Posted: 27 Feb 2014 01:15 AM PST
I often get emails asking for my opinion about bodywork. While I’m not necessarily one to easily dismiss any treatment conventional wisdom would devalue, I also approach this arena with some healthy skepticism. The question becomes what’s effective and what’s simply “woo-woo,” to use a somehow unmatchable term. I’ll leave much of that specific discussion to you all today, but I did want to examine one modality that has more research behind it than most, even if that body of studies is still somewhat patchy. Most people have had a massage sometime in their lives. We certainly have our own opinions about its impact. Unless we were truly unlucky, most of us likely came away with a pretty good impression. Many of us have gone back many times since with perhaps a sizable financial and personal investment in the therapy – maybe even with a specific therapist. (It’s funny how people guard the availability of their favorite massage provider even as they clearly want to extol their endless virtues.) Our personal anecdotes aside, what does existing science say about the benefits of massage? For what conditions/circumstances is it especially effective? Can it benefit healthy as well as ill people? Let’s take a look.
A review of massage related studies claims the therapy appears to result in lower cortisol levels and higher dopamine and serotonin measures across many studies with different types of subject groups. Research related to the impact of massage on blood pressure has in some cases shown significant results. Not surprisingly, massage appears to be effective for low back pain, chronic neck pain and knee pain that is the result of osteoarthritis. In terms of exercise science, studies (while somewhat mixed) generally show that massage is helpful for muscle recovery. As little as ten minutes of massage, as one study indicates, can curtail inflammation and encourage the growth of new mitochondria.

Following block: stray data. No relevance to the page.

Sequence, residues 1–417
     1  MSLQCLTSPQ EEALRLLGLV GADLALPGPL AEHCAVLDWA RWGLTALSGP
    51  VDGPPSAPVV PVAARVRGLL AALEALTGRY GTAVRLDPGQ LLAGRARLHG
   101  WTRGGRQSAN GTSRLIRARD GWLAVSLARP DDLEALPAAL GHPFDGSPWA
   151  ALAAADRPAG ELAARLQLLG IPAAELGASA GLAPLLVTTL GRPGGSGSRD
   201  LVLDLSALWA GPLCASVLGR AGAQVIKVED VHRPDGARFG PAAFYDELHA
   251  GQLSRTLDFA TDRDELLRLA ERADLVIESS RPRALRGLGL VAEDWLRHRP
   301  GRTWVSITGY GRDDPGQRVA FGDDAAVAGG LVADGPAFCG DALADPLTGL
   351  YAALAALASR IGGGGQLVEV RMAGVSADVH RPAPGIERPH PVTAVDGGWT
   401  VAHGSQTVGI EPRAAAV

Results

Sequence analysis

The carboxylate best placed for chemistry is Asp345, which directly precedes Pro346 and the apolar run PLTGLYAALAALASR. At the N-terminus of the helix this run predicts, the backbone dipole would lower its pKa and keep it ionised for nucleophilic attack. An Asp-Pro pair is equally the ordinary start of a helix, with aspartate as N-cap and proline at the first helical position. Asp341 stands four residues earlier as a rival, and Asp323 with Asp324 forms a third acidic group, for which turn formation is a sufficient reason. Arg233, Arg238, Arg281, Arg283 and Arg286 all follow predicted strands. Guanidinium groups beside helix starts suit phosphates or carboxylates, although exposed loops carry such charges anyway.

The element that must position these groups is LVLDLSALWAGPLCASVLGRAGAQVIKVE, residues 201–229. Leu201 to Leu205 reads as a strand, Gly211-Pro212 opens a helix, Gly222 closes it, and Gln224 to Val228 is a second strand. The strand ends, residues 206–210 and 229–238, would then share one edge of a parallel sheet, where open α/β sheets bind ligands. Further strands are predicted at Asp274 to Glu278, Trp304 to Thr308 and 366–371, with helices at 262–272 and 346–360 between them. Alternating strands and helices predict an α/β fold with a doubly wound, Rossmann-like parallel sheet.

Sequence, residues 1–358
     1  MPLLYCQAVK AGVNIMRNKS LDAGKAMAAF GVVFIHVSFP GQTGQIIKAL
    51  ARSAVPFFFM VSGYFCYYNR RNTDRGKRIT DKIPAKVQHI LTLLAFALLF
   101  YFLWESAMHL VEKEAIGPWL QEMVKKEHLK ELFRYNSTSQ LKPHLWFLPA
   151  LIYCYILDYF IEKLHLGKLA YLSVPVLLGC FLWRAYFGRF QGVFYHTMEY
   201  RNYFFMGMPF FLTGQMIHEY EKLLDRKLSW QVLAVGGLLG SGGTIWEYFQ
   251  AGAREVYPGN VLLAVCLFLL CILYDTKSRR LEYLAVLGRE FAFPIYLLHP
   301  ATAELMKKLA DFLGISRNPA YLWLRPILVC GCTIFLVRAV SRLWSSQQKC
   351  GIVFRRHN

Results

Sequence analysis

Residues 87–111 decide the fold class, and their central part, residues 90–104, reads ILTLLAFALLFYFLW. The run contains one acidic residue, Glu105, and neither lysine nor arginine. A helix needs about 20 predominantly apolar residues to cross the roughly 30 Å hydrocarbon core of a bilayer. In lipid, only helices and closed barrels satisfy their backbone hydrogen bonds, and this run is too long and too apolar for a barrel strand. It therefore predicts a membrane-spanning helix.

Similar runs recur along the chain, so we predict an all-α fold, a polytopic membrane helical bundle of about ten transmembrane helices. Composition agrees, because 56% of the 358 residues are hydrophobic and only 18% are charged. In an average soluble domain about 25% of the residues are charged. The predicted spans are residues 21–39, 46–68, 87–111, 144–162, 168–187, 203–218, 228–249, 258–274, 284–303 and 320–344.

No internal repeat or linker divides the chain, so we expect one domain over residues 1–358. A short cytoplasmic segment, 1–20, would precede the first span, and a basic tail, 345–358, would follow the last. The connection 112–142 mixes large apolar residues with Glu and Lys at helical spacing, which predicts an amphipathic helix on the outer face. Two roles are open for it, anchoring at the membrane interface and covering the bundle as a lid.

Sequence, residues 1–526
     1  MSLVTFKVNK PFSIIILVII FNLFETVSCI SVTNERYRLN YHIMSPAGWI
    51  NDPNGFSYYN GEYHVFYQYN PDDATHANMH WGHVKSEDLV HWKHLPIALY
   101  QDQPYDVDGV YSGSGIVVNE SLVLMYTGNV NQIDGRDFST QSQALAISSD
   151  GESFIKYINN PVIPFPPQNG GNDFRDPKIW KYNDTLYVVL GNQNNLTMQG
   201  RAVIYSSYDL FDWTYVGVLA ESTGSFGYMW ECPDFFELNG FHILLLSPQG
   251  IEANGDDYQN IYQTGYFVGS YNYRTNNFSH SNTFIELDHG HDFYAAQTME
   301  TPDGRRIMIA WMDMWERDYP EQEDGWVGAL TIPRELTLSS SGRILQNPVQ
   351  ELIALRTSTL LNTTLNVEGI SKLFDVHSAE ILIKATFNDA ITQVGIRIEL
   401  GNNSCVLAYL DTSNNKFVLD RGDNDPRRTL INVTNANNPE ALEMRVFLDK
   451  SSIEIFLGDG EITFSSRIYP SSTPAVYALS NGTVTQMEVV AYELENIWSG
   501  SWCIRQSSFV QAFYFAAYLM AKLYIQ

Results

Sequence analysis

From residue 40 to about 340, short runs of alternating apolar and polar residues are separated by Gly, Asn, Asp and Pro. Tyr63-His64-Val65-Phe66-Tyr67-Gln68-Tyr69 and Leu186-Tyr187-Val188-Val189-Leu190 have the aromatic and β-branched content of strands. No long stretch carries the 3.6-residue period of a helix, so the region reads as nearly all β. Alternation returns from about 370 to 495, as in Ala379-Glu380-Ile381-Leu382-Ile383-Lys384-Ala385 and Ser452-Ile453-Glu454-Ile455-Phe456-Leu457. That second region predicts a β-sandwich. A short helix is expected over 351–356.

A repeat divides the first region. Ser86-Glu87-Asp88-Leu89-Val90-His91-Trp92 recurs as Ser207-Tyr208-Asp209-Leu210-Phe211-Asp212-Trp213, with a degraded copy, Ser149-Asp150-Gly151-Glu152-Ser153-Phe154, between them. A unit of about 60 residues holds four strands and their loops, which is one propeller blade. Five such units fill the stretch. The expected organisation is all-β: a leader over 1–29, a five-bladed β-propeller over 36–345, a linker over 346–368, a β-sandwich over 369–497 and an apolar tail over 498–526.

Study results are mixed when it comes to ascertaining recommendations for frequency. A biweekly massage protocol in one study resulted in higher measures of oxytocin and lower levels of both arginine-vasopressin and adrenal corticotropin hormone (ACTH) when compared to a weekly protocol. However, the subjects who received biweekly treatment also demonstrated measures suggesting a higher production of pro-inflammatory cytokines. It’s unclear how many ancillary factors could be at play, but clearly more studies are needed to further explain this picture.
Still other research looks at the psychological and pain related benefits of massage. One study examined the effect of massage on a group of grieving relatives who had recently lost loved ones. Subjects shared that the massage times were a great consolation and source of both energy and rest during the transition. Not surprisingly, the comforting effects of massage work with other kinds of pain and distress. Massage appears to significantly reduce depressive symptoms and in another study have immediate impact on advanced cancer patients’ perception of pain as well as mood. Patients recovering from surgery respond better to a combination of massage and pain medication than they do to medication alone. It’s interesting how this archive study noted that massage used to be regular protocol following surgeries but is limited now with the shifts in hospital efficiency protocols.